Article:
Between Two Millstones, Book 1: Sketches of Exile, 1974–1978 (The Center for Ethics and Culture Solzhenitsyn Series)

Image of Between Two Millstones, Book 1: Sketches of Exile, 1974–1978 (The Center for Ethics and Culture Solzhenitsyn Series)
Release Date: 
October 30, 2018
University of Notre Dame Press
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The publication in the West of Aleksandr Solzhenitsyn’s Gulag Archipelago and his subsequent exile from the Soviet Union occurred during the flowering of détente and America’s abandonment of its South Vietnamese ally in the Southeast Asian war. Solzhenitsyn soon learned that in addition to being a mortal threat to the Soviet communist regime, he would also be viewed and treated by some in the West as a dangerous reactionary and extreme Russian nationalist.

This situation placed him, in his words, “between two millstones,” which is the title of his memoirs of exile, the first book of which has just been published by the University of Notre Dame Press. Book One covers the years 1974 through 1978.

Solzhenitsyn’s tracing of Stalinist terror to Lenin directly challenged the legitimacy of the Soviet regime. Khrushchev in 1956 had denounced Stalin’s “excesses,” but criticism of Lenin could bring dire consequences to the critic. Lenin was still revered by many leftists in the West. The Gulag Archipelago finally revealed Lenin and Leninism as the inevitable precursor to Stalinism.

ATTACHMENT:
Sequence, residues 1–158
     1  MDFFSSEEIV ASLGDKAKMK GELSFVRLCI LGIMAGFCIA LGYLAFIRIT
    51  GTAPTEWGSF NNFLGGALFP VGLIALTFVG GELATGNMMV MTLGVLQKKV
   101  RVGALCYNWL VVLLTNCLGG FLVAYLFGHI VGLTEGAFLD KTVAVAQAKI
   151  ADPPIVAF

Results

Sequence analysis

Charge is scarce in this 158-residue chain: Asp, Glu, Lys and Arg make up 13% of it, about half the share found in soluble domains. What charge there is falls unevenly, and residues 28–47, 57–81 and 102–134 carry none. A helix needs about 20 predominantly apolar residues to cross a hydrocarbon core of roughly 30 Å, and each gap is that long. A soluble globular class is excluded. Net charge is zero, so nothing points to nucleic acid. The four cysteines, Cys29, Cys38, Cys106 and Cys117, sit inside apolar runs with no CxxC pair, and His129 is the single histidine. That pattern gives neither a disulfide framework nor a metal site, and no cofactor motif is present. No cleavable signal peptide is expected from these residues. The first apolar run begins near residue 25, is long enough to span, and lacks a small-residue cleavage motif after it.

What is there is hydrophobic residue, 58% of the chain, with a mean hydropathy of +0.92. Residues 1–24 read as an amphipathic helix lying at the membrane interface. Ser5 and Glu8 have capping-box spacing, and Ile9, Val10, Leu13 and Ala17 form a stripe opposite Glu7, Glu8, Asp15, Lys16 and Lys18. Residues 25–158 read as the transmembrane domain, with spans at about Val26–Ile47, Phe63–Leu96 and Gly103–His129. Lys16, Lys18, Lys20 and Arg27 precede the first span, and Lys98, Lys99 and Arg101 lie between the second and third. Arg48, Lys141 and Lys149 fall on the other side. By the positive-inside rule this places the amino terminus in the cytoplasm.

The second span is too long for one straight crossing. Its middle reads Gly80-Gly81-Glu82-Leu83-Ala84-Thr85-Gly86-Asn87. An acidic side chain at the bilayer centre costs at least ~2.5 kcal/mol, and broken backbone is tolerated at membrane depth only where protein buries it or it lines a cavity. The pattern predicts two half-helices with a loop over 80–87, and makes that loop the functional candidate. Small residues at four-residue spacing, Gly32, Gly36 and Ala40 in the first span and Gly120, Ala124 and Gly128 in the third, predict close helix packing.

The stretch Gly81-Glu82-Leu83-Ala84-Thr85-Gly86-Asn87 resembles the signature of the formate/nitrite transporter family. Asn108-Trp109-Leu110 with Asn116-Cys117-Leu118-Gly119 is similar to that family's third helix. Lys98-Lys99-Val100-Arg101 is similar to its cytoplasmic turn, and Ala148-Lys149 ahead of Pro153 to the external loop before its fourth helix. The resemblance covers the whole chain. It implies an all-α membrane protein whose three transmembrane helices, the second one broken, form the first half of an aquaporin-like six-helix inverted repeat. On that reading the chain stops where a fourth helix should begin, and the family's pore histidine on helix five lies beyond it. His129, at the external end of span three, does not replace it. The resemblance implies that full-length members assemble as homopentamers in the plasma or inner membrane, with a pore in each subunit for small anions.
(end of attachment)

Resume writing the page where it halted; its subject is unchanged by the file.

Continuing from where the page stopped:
Between Two Millstones picks up the story of Solzhenitsyn’s remarkable and courageous literary and personal life where The Oak and the Calf and Invisible Allies, his two earlier memoirs, left off. It is a tale of the first stirrings of freedom in the West mixed with the fear of further Soviet retribution, the unceasing demands of celebrity, frustration with the Western elite’s commercialism, secularism, and legalism, and the personal desire to be left alone to complete his most important literary project, The Red Wheel

The Red Wheel is Solzhenitsyn’s historical novel of the First World War, the collapse of Tsarist Russia, the Russian revolutions of 1917, and the Russian Civil War. It was the culmination of his life’s work; one of his two literary “cathedrals” (the other being The Gulag Archipelago).

Exile for Solzhenitsyn began in Zurich, Switzerland, where he resided for a few years before settling in the United States at a remote location in Cavendish, Vermont. In Zurich, he traced Lenin’s footsteps, including visiting Lenin’s old house on Spiegelgasse, which helped inform and illuminate his chapters on Lenin in The Red Wheel. “Wherever I wandered in Zurich,” he noted, “Lenin’s shadow hung over me.”